5 misconceptions regarding Ramadan

Since the month of Ramadan is just around the corner, at the time this article is written, and due to the fact that it is a month that reoccurs once every year, I thought it beneficial to make a short list of things people usually think about or do when it comes to this blessed month.
However, most people often do things wrong (no I am not talking about how you secretly used to eat and drink in the toilet when you were younger) but insha Allah this article will shed some light on a few very important issues.

#5 Ramadan is about FASTING not eating

Behold! The month of fasting in all its glory!
A revert would be forgiven for thinking that this month is all about food and not actually fasting, heck most people actually GAIN weight during Ramadan which is very odd to say the least, since it is a month of fasting and not a month of eating. But one only needs to look at every Muslim household the week before Ramadan starts and one will see mothers staking up on supplies as if they were preparing for Y2K all over again!
Not to mention what happens one hour before Iftaar, the amount of food that is prepared is mind blowing, we sometimes give more importance to the food than the fasting itself. Between all the sambosas and other special foods that seem so unique to this month, most of us, due to our joy, even forget to repeat after the Mu’athin when he calls out the Athaan for Maghrib, I mean how are you expected to? With your mouth full of dates and what not, the fact that you don’t forget to breathe is a miracle in itself.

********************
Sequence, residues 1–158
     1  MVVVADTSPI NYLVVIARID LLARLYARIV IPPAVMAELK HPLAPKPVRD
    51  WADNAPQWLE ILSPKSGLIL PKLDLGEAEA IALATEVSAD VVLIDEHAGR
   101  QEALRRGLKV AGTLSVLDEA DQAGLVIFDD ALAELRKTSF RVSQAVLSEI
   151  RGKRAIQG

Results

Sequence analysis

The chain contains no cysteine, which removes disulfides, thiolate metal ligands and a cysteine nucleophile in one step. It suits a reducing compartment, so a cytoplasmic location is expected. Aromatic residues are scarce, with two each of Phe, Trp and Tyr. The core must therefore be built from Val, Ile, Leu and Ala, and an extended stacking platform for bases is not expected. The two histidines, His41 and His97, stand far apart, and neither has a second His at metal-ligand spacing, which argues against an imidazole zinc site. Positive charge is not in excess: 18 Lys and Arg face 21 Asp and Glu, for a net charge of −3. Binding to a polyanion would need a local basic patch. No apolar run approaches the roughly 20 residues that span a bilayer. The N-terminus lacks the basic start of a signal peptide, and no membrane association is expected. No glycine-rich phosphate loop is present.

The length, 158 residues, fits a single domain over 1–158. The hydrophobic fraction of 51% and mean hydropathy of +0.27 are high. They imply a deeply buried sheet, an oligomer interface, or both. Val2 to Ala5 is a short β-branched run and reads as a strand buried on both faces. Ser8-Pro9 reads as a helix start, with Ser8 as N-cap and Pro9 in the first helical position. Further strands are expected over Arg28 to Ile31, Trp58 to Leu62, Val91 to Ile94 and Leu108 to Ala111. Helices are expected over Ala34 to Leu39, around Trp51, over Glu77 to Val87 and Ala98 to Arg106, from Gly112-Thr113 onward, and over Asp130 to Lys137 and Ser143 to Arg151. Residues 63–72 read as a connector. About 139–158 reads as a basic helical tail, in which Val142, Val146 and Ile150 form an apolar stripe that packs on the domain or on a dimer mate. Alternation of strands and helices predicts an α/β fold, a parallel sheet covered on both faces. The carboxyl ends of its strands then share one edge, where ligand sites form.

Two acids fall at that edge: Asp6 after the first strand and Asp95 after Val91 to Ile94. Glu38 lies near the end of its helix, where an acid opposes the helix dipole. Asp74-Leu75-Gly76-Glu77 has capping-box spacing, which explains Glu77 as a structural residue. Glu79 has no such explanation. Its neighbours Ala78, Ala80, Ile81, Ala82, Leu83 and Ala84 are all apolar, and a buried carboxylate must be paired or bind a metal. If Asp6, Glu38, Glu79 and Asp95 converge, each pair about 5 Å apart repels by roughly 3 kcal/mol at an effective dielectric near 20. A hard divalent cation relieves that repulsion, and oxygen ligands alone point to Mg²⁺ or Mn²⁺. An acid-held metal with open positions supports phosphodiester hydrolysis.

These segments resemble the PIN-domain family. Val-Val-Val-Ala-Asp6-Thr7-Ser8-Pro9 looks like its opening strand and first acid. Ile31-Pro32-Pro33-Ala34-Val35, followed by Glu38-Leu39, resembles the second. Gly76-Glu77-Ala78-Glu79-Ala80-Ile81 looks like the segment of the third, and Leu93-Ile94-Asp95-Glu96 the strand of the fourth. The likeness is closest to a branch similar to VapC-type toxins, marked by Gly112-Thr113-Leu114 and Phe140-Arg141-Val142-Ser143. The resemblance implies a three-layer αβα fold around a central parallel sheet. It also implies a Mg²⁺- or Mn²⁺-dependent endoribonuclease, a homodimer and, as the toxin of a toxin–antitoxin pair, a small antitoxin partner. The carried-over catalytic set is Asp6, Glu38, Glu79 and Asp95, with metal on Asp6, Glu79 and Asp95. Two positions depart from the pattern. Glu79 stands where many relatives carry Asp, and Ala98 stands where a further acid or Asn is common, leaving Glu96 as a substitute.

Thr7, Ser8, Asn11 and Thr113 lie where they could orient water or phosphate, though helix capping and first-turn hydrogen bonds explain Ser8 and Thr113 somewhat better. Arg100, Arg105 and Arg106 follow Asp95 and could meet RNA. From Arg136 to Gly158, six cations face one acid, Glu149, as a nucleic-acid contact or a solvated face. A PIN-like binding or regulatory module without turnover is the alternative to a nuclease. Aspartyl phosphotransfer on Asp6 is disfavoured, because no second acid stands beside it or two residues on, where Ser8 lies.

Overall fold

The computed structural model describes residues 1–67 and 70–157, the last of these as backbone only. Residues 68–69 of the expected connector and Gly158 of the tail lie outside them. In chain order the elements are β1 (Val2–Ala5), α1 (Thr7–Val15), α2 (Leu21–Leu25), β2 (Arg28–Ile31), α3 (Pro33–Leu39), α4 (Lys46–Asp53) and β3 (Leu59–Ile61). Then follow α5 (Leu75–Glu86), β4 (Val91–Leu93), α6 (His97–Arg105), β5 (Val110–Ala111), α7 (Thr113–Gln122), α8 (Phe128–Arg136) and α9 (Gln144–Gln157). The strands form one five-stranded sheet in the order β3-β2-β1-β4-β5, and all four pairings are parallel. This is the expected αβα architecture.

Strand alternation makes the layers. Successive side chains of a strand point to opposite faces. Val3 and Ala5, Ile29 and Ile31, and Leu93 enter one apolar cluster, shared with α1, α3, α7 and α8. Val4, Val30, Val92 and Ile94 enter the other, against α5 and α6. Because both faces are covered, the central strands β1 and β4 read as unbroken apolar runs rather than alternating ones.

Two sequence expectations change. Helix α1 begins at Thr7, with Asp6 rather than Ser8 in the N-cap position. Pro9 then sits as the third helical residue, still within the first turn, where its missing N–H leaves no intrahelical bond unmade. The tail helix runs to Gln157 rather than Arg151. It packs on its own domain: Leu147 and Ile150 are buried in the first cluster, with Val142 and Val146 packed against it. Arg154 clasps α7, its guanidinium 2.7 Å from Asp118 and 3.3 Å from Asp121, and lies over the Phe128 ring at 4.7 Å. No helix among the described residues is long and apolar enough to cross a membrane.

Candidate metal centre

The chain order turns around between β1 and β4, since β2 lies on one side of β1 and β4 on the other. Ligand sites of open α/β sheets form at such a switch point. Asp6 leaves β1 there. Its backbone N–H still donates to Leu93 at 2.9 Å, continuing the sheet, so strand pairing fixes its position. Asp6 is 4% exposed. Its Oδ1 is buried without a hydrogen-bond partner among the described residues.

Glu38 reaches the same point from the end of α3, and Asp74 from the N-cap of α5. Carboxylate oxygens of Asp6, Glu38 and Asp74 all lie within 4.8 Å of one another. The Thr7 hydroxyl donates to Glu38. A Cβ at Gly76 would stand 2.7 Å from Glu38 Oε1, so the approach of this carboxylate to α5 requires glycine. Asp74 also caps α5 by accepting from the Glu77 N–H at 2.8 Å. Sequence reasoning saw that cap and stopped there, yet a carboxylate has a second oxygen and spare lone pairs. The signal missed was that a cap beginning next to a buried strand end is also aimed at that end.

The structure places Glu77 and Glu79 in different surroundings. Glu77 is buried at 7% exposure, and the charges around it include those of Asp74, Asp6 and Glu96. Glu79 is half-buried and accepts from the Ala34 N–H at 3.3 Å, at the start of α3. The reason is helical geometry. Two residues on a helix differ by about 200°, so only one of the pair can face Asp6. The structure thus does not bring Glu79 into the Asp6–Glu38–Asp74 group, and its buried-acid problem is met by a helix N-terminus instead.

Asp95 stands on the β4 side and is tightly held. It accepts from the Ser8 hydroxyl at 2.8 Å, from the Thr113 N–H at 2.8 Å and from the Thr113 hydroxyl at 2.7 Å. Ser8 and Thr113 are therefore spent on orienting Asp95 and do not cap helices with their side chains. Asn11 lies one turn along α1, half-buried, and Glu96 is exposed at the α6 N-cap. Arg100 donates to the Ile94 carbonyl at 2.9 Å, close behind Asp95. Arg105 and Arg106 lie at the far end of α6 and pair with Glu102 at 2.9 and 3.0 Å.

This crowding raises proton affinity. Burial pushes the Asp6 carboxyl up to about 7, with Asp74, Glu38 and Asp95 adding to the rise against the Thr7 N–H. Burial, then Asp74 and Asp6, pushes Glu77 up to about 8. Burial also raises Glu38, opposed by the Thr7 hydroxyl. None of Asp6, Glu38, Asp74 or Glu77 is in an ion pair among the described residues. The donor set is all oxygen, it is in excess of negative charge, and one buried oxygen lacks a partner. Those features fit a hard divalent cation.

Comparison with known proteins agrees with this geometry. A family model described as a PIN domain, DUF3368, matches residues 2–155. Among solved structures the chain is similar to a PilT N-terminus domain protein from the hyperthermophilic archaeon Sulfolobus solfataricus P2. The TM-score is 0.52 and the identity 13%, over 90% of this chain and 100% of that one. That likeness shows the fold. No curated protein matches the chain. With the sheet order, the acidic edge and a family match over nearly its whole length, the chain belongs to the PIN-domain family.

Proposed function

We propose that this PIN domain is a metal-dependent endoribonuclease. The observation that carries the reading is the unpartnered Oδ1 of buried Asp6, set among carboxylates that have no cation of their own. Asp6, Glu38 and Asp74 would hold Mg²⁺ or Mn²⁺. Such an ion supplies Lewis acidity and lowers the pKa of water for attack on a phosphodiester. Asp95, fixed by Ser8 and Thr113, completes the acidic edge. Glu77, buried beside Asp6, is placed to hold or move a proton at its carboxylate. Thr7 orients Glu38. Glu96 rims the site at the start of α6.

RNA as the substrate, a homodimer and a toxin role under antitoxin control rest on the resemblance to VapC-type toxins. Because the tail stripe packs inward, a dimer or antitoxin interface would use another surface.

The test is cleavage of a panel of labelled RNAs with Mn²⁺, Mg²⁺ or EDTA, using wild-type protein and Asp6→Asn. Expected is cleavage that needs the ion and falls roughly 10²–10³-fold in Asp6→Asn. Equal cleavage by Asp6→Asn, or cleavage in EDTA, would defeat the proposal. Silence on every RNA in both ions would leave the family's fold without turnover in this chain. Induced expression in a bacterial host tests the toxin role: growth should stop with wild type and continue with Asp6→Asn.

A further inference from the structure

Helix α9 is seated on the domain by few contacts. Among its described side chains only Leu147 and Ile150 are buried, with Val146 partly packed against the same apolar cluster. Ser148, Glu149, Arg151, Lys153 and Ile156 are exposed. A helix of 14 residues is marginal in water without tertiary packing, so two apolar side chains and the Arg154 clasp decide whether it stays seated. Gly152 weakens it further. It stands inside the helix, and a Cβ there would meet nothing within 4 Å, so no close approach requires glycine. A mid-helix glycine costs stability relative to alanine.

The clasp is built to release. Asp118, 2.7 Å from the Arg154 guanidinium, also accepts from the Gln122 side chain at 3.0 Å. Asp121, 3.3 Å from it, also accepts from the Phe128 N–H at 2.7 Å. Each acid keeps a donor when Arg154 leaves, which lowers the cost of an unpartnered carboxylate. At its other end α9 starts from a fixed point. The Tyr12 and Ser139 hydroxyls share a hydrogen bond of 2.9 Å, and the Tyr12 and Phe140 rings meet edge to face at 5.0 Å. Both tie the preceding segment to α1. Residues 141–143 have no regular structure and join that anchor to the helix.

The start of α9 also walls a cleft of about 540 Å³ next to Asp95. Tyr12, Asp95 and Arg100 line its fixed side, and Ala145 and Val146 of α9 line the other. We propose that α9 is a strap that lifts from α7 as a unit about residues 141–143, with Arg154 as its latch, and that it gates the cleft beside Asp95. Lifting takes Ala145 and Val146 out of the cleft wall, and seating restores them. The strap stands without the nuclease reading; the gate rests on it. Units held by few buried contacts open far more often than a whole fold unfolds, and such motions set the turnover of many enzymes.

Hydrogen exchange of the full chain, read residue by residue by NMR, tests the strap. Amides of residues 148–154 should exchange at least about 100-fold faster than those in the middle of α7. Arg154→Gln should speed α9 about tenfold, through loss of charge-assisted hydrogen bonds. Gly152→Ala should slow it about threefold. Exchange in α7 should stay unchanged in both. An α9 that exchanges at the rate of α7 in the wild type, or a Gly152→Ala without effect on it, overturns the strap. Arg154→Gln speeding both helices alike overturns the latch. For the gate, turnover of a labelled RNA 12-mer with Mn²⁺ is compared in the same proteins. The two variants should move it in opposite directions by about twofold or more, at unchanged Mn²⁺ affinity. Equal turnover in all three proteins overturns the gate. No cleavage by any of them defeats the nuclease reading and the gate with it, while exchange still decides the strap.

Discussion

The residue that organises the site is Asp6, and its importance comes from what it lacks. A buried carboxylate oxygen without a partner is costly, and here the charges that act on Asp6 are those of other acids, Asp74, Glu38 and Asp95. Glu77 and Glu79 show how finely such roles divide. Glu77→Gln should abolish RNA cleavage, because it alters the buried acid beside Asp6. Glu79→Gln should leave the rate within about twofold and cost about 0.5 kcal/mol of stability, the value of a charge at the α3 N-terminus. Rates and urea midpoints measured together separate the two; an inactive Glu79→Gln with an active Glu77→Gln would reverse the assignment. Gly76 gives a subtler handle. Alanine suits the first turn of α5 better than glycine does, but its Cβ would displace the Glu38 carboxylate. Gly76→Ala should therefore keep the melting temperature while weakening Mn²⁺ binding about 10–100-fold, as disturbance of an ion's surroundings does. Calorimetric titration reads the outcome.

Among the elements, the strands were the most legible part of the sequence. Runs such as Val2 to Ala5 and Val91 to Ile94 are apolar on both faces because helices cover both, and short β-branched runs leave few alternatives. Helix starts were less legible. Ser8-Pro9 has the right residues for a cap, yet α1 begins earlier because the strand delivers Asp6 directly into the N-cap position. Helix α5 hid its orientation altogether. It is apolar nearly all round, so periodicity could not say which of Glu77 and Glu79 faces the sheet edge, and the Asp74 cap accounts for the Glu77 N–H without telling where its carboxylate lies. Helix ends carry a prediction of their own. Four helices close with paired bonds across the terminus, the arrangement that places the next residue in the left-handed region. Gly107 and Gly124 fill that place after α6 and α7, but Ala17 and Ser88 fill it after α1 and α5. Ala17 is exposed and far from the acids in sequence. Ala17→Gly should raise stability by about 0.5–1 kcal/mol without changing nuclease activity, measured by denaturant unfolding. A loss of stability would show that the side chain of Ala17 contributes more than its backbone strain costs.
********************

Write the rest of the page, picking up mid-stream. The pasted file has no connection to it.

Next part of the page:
It almost feels like we are trying to make up all the meals of the day and eat ’til it hurts to breathe (don’t pretend like it never happened to you) and then we complain about how the Taraaweeh is long and how our uncle that stands next to us in Salah keeps burping and you’re pretty sure the brother in front of you just farted in your face during ruku’, and you’re caught in between nauseating burps and spicy smelling farts. Don’t get me wrong though, eating is perfectly fine but just don’t forget to eat in moderation.
Also remember to chew before you swallow, otherwise next Salah you’ll be attending, will be Janaazahand not Taraaweeh.

#4 Worshipping Ramadan instead of Allaah

The Masjid is where it’s at Akhi, during as well as after Ramadan
This month brings the good out of every Muslim, so much so that you will see many new faces at the local Masjid (even that dude who lives across the street from the Masjid who you thought was a kaafirdrug dealer all year) a phenomenon known as “Ramadan Muslims”.
Although I dislike this term it is a sad truth, for many Muslims, Islam has become something you remember when someone passes away or on Eid etc… As for the rest of the year you are only a Muslim by your name (and even that is hard to guess sometimes, how am I supposed to know Moe is short for Muhammad?) you will see the Masjids packed, people actually praying fajr on time and many other wonderful things, yet as soon as this month passes the very same Masjids going back to their original size.
In reality we shouldn’t be like that, yes we should do more good deeds in Ramadan and yes we should strive even harder, but like the scholars say, if you want to know whether or not your good deeds are accepted then the sign for that is Allah allowing you to do more good deeds afterwards and so on.
Celebrating the end of Ramadan with a rave party is not a good sign.

#3 Ramadan is only about staying away from food

Let’s prepare for Ramadan, shall we?

Not to be confused with #5 on this list, yes abstaining from food and drink is a part of Ramadan but there is so much more to it. Ramadan is a school, a training camp for us Muslims to improve ourselves spiritually.